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Hooker's career

In 1851, Joseph Hooker married for the first time. During the 1850s Hooker not only travelled but published, in order to establish his reputation as a botanist. The decade saw the appearance of some of Hooker's most important taxonomic work, concerned with the classification and naming of new species and the re-classification of previously-known ones, and also publications in support of Darwin's newly publicised theory.

It will be long before I cease to hear her voice in my ears, or feel her little hand stealing into mine; by the fireside and in the garden, wherever I go she is there

Hooker to Darwin, 1863, on the death of his daughter

Family

In August 1851, Hooker married Frances Harriet, eldest daughter of John Stevens Henslow, the Cambridge professor of Botany who had taught Darwin. 

Joseph and Frances had four sons and two surviving daughters, but Hooker’s favourite daughter, Minnie (Maria Elizabeth), died in September 1863, when she was just six years old. He wrote to Darwin, who had suffered a similar blow a dozen years earlier when his daughter Annie had died, that ‘It will be long before I cease to hear her voice in my ears, or feel her little hand stealing into mine; by the fireside and in the garden, wherever I go she is there’ (Turrill 1963: 191).

Pen and ink portrait of Sir Joeph Dalton Hooker with books and scientific instruments.

Portrait of Sir Joseph Dalton Hooker at work, by Theodore Blake Wirgman

Hooker was close to his children and enjoyed playing with them. He also followed Darwin’s suggestion and not only attended their births, but gave his wife the anaesthetic chloroform during labour, as Darwin had done for Emma – a procedure the two men agreed was as soothing for themselves as for the mother. Frances died in 1874 and two years later Joseph married Hyacinth, the only daughter of William Samuel Symonds, with whom he had two more sons.

Work

The 1850s also saw the appearance of several of Hooker’s most important publications. These were largely taxonomic, concerned with the classification and naming of new species and the re-classification of previously-known ones. Hooker was a taxonomic 'lumper', a proponent of large, broadly-defined species that encompassed many varieties that others classified as separate species. 

Hooker’s lumping was undoubtedly a product of his global plant surveys – compiling these imperial inventories was made nightmarishly complex by those he called 'hair-splitters', who gave a new name to every minor variation they spotted, thus multiplying species and names. In an effort to over-rule the splitters, Hooker claimed that the size of Kew’s Herbarium (which contained about 150,000 species by the early 1850s) allowed global comparisons that made his judgements superior to those – like the colonial botanists – who only knew the plants of their locality.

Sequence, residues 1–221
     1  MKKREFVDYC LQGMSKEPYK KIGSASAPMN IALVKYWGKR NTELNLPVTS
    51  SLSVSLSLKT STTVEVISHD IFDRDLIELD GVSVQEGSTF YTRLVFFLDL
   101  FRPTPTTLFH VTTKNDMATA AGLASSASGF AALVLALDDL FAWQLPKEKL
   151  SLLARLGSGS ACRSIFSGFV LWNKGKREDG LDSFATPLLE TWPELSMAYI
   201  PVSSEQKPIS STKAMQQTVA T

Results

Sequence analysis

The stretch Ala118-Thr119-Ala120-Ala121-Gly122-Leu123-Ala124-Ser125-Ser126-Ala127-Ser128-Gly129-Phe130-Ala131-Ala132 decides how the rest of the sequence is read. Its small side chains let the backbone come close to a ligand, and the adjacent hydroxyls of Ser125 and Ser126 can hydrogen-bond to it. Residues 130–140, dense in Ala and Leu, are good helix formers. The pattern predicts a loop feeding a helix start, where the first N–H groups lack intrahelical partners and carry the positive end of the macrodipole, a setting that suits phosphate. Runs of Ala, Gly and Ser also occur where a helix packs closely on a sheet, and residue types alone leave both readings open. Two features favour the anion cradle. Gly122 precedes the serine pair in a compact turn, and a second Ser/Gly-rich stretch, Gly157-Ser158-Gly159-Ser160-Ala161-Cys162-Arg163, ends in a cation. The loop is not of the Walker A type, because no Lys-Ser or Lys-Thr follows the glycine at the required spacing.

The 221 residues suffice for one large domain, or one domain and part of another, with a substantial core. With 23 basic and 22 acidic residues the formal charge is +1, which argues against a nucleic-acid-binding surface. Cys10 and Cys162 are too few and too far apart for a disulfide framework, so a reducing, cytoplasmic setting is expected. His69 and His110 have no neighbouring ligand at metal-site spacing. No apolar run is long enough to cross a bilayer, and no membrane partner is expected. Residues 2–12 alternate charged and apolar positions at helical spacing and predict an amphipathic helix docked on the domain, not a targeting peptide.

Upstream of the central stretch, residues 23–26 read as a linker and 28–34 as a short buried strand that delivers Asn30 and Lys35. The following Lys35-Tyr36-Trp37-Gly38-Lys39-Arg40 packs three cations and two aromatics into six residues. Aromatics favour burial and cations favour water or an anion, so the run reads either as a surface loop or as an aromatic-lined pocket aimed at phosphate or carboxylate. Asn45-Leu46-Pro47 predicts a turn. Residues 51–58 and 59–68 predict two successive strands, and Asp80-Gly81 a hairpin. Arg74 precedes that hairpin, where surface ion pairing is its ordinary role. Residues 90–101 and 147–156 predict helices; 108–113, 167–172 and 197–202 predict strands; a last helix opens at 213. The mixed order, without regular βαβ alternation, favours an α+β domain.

Dianella tasmanica, first described & figured in Hooker's 'Flora Tasmanicae'

Dianella tasmanica, first described in Hooker's Flora Tasmanicae whose introductory essay first appeared in 1859 and lent support to Darwin's new theory of evolution

The Herbarium was not the only part of Kew that had grown substantially since William Hooker had been put in charge. The Gardens had been increased from eleven acres to over 300 acres, containing more than 20 glasshouses and over 4,500 living herbaceous plants. Faced with this enormous expansion, the government finally agreed that the director could not cope alone and their decision brought a conclusion to Joseph’s long search for secure, paid employment; he was appointed Assistant Director on 5 June 1855.

While Hooker was travelling, publishing and making his name, Darwin was still working in secret on his ‘big species book’. Only his close friends knew that he was planning a comprehensive account of his long-held theory, but on 15 June 1858, Darwin received a letter from Alfred Russel Wallace, then in the Celebes Islands (Sulawesi), in which Wallace asked for Darwin’s help in publishing his own theory of the transmutation of species – a theory that largely anticipated Darwin’s own. Darwin was anxious not to lose priority for his idea, but equally concerned not to treat Wallace unjustly.

As Darwin and several of his children were ill, he left Hooker and Lyell to decide what to do. They arranged for Wallace’s paper to be read at a meeting of the Linnean Society on 1 July, but to be accompanied by an abstract of Darwin’s theory (which Hooker had read in 1844) and by a letter to Asa Gray, the American botanist, which substantiated Darwin’s claim to priority.

Most thankful … that I can now use Darwin’s doctrines – hitherto they have been kept secrets I was bound in honor to know, to keep, to discuss with him in private – but never to allude to in public

Hooker writing to Gray after the meeting (Porter 1993).

Although the Linnean Society paper did not create much public interest, Wallace’s letter persuaded Darwin to publish a shortened, more accessible version of his theory immediately and Origin of Species appeared in November 1859. A month later, Hooker published his Introductory Essay on the Flora of Tasmania (the final part of the Flora Tasmaniae), in which he announced his public support for ‘the ingenious and original reasonings and theories by Mr. Darwin and Mr. Wallace’ (Hooker 1859: ii). As evidence for natural selection, Hooker offered a detailed analysis of the distribution of the Australian flora, arguing that a combination of his earlier 'Forbesian' geological theories and Darwin’s could best explain the observed distribution of plants.

Text by Dr Jim Endersby. Reproduced with the permission of the author and Oxford University Press. Full biography also available free online on the Oxford Dictionary of National Biography website.